Some looked at the big spike in Nick Punto's walks last year and saw a mirage. Why would pitchers not throw strikes to a hitter with a .284 slugging percentage? Surely, one would think, that Punto's heightened walk rate -- he was issued a free pass in 13.8 percent of his plate appearances after compiling a 9 percent rate over the first eight seasons of his big-league career -- must be a fluke.
Others figured that perhaps the versatile middle infielder had developed a repeatable skill, crouching in the batter's box to shrink his strike zone and laying off nearly every pitch that didn't come through that zone. Punto was flustering pitchers who were by no means afraid to throw him strikes.
So far in this young season, it appears that the first camp was correct. Punto has drawn only four walks in 66 plate appearances this year, translating to a 6 percent walk rate which is well below his career average. The drop-off hasn't been all bad though, as Punto has raised his batting average to .276 while accumulating a somewhat respectable .362 slugging percentage. If Punto could start drawing walks at a rate somewhere close to where he was last year, he'd actually be a pretty valuable contributor at the bottom of the lineup, but right now his .308 on-base percentage is suppressing his offensive value. We'll see if the walk rate rises at all in the coming months.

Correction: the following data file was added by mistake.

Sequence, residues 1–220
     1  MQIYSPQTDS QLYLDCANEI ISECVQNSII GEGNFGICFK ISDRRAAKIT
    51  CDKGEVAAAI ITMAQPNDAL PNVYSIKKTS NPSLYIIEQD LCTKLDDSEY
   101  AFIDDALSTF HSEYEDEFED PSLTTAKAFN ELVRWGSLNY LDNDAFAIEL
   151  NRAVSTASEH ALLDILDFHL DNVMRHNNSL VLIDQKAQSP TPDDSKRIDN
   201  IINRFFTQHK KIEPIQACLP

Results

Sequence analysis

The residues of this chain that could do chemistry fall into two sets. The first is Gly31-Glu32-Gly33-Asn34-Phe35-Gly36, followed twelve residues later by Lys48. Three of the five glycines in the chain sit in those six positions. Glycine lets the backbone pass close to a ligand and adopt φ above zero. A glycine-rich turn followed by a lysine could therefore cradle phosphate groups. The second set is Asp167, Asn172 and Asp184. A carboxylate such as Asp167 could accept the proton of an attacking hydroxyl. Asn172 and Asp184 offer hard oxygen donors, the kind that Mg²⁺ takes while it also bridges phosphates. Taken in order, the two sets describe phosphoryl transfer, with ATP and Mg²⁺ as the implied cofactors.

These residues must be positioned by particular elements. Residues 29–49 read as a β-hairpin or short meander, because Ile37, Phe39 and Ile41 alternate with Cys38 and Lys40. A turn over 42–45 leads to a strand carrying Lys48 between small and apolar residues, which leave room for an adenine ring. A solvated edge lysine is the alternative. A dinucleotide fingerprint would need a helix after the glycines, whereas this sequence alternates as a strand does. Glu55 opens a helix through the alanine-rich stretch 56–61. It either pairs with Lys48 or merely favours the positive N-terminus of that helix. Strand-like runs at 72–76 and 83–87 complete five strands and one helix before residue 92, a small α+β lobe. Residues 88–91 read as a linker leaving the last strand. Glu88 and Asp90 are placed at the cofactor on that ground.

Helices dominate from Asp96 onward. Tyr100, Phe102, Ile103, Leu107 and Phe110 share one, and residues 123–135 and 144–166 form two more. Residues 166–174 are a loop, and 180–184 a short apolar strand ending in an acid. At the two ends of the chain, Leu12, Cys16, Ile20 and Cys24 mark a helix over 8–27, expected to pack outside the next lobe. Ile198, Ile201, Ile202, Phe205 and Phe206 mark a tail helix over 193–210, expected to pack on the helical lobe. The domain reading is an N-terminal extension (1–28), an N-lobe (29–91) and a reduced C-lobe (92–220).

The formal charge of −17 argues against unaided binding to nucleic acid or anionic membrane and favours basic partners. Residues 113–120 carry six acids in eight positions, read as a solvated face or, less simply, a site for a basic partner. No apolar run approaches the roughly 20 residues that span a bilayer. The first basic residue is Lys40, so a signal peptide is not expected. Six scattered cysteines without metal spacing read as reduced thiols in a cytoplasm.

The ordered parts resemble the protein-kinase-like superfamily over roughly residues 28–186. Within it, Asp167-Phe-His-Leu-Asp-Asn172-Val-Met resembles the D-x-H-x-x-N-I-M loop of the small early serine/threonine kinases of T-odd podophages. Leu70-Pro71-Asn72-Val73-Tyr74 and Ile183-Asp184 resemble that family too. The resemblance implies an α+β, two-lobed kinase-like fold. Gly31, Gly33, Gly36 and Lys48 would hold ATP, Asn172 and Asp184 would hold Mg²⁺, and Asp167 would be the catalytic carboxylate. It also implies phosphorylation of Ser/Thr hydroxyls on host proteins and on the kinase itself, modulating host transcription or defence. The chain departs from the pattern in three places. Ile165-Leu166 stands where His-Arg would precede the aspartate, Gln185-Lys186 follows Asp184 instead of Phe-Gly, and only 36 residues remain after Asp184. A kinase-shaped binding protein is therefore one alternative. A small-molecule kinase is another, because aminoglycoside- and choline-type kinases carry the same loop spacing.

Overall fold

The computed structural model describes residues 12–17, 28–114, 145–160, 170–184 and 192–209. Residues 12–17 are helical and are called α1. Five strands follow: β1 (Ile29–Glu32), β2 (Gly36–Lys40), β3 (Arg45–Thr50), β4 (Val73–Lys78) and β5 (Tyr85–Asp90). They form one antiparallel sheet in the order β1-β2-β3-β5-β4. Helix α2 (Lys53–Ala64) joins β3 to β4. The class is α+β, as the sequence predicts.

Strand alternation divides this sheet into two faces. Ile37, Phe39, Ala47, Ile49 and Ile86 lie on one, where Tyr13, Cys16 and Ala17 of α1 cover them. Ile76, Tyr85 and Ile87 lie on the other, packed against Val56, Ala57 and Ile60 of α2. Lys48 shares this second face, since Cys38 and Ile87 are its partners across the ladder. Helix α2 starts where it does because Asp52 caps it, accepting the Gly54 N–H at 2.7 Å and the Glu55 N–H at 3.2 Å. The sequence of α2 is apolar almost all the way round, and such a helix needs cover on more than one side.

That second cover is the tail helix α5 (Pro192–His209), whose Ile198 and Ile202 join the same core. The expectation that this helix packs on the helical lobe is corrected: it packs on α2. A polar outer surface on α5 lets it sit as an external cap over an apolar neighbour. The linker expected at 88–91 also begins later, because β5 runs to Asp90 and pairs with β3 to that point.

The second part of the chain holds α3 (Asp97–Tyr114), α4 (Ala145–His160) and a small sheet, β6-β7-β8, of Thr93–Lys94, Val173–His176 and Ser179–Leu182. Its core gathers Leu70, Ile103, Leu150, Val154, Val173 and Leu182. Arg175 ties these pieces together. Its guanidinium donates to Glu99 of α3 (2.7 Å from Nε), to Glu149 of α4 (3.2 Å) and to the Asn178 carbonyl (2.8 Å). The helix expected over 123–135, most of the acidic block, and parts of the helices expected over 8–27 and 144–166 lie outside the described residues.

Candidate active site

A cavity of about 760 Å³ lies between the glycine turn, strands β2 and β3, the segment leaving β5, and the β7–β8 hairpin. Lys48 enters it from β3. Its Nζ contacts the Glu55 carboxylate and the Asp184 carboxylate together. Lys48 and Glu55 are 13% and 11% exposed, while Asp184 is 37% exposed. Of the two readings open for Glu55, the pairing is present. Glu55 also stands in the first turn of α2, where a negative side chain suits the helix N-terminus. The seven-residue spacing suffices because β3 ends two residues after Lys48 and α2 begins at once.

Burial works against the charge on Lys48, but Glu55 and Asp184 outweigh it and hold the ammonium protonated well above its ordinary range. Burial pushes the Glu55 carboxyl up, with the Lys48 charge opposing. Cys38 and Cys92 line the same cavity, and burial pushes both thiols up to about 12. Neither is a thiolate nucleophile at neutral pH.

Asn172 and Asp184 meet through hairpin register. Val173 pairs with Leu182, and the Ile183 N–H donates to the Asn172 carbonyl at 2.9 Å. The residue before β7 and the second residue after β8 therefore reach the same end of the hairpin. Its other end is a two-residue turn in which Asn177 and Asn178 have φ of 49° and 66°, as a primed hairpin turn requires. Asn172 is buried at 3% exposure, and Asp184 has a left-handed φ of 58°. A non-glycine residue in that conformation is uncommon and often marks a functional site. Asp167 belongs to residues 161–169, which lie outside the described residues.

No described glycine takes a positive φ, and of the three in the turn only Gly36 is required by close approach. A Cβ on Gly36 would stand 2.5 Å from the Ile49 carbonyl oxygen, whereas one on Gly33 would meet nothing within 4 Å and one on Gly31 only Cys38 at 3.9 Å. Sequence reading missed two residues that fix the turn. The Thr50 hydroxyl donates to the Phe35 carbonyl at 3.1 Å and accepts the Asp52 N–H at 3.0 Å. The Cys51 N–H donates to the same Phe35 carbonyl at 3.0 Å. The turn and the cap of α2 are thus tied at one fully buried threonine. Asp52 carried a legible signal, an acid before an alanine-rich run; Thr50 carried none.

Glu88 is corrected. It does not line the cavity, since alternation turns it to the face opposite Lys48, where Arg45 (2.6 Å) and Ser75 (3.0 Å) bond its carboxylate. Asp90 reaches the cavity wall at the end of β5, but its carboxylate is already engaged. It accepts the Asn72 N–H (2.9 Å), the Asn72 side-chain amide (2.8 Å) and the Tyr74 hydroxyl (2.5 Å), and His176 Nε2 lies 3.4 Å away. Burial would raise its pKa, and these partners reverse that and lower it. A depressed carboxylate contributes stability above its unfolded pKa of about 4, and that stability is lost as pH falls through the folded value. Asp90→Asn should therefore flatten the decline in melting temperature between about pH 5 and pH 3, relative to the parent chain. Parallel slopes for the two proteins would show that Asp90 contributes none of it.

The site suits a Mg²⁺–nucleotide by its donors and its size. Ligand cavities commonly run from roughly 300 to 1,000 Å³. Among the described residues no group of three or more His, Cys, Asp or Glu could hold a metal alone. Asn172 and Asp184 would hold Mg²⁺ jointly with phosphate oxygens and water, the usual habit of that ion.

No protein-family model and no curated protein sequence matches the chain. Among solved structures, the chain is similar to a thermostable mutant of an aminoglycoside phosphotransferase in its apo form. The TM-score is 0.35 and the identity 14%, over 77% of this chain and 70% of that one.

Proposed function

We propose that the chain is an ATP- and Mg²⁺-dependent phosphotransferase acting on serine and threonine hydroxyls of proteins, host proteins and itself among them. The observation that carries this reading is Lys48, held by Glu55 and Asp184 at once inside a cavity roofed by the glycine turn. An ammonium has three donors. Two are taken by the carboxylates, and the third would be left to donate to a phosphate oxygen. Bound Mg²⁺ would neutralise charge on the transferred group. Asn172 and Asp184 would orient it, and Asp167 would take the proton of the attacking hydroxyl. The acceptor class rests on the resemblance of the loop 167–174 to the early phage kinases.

On the other end of the spectrum, there's Justin Morneau. After drawing his league-leading 29th walk yesterday, Morneau holds an otherworldly 20.1 percent walk rate. That easily crushes his 12.2 percent rate from a year ago, which had at that time established a career high. Unlike with Punto last year, the rationale behind walking Morneau is easy to understand: he's been a monster. He's batting .357 and his 1.138 OPS leads the American League.
By laying off more pitches (58.3 percent) than ever before in his career, Morneau is taking advantage of other teams' fear of throwing him strikes and putting himself on base at a higher rate than any other player in baseball. This development in his game has boasted his overall productivity and has him in line for an MVP-caliber season. We'll see if he can keep it up.
And if he does, let's hope it's contagious. Because that's something Punto could stand to catch.